A lot of design books have hit the shelves in the last month, but of all those I’ve read, only a few in particular really resonated with me. Most of what has appeared recently has really been pretty mediocre. Here are a few highlights from the shrinking field of stuff worth reading:
Stephen Hogbin’s Appearance and Reality: A Visual Handbook for Artists, Designers, and Makers, originally published in 2000 and recently reprinted, is one of those manuals where a visual artist or designer has tried to organize a consistent system for applying creative ideas to the generation of product. Unlike so many similar attempts, Hogbin’s system — grouped around the four key disciplines of art, craft/technology, science and design — is flexible enough not to see the disciplines or the creative process as a zero-sum equation. It’s a broad approach that focuses on illustrating how both fine artists and commercial designers can create work with integrity and social conscience, and succeeds on a number of levels.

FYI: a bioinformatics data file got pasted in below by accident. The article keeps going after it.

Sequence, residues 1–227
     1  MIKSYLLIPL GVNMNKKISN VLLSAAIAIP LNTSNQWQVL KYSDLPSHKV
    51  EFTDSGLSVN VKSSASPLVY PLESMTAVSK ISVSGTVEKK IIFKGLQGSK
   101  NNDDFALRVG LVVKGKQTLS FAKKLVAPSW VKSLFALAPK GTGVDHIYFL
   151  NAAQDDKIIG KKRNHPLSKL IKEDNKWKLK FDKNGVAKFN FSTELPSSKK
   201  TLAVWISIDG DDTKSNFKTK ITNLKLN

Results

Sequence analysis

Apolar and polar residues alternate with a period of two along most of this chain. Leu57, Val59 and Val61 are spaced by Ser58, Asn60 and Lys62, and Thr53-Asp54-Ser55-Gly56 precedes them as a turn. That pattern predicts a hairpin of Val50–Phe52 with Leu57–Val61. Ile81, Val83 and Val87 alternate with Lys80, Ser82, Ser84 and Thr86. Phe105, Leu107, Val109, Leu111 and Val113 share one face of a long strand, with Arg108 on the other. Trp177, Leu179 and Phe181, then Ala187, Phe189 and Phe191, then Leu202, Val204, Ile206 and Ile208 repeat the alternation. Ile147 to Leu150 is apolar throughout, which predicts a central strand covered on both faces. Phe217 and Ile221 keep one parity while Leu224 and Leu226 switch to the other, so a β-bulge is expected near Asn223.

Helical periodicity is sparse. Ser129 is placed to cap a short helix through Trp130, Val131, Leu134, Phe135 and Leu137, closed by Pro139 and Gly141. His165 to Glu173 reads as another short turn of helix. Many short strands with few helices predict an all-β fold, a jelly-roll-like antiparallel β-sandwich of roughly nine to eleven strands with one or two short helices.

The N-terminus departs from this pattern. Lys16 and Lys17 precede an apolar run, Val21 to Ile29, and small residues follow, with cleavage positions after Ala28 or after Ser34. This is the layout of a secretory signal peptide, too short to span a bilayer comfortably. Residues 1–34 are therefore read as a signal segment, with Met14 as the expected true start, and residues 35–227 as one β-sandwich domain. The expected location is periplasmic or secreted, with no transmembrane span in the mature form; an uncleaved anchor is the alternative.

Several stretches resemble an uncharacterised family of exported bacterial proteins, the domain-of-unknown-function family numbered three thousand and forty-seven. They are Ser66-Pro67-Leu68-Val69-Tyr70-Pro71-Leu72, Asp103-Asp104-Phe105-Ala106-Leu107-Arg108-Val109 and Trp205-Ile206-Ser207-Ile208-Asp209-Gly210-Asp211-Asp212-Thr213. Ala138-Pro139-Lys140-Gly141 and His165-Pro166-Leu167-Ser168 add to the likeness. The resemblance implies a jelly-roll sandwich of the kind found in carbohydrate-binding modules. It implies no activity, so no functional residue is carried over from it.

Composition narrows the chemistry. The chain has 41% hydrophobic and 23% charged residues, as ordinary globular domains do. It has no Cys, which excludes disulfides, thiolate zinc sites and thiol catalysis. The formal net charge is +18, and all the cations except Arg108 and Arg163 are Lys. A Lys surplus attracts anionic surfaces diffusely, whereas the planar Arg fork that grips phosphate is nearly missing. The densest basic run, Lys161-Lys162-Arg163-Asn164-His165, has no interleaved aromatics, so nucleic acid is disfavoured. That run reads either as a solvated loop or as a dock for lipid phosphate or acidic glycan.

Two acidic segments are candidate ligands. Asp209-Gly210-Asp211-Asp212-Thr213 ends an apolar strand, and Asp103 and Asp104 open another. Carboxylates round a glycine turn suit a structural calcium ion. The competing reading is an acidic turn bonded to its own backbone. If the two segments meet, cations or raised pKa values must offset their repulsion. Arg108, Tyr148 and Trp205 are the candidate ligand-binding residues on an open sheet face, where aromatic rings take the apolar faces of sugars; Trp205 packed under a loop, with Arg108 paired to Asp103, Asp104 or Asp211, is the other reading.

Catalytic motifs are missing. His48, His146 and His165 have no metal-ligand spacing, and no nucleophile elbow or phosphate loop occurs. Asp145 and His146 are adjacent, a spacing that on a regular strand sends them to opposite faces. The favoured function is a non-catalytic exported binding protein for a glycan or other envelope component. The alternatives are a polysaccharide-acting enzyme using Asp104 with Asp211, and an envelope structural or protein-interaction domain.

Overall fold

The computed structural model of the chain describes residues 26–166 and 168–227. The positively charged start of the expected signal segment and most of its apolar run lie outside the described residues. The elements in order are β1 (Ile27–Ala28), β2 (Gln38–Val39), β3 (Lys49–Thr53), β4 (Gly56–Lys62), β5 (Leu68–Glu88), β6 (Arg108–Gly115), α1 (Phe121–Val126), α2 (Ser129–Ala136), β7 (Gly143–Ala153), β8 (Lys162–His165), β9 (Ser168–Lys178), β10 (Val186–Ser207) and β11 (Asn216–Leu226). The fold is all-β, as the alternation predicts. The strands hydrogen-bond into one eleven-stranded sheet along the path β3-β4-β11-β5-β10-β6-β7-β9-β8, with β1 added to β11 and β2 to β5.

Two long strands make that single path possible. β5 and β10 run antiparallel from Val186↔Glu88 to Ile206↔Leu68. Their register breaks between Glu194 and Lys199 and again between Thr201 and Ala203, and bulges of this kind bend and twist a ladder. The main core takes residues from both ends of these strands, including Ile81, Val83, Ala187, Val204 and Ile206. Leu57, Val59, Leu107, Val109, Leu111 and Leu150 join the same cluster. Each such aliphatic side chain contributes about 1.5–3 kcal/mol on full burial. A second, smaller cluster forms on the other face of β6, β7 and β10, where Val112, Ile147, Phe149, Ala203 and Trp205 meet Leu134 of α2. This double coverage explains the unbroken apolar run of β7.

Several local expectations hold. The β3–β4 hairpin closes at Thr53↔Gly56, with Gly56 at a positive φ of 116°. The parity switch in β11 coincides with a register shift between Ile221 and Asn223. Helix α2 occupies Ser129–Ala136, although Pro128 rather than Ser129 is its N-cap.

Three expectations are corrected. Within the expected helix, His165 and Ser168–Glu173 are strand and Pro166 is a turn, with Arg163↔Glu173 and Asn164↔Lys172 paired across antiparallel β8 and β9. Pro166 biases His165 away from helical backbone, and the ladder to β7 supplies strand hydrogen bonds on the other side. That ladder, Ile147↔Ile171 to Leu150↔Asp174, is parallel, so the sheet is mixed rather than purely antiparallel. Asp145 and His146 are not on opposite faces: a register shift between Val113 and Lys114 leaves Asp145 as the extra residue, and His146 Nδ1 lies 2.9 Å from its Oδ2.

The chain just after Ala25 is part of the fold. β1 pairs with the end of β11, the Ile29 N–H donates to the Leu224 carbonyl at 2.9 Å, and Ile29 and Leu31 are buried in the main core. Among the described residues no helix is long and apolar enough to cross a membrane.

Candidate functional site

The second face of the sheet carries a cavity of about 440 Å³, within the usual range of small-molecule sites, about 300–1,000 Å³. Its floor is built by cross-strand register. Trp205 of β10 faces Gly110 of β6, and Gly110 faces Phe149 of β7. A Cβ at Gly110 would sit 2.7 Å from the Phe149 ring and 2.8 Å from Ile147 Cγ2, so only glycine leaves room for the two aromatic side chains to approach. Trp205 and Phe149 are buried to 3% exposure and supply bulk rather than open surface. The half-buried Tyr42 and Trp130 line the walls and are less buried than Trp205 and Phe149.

David Jury’s Letterpress: The Allure of the Handmade is a big and beautiful book from the editor of TypoGraphic, the ISTD‘s journal. Jury offers insight into the continued (and in some places growing) popularity of letterpress techniques, and investigates how they have been adapted to work in tandem with digital typesetting. Mostly, though, the book is great for its wonderful pictures of great work from around the world, and is a must-read for anyone even slightly interested in contemporary letterpress work.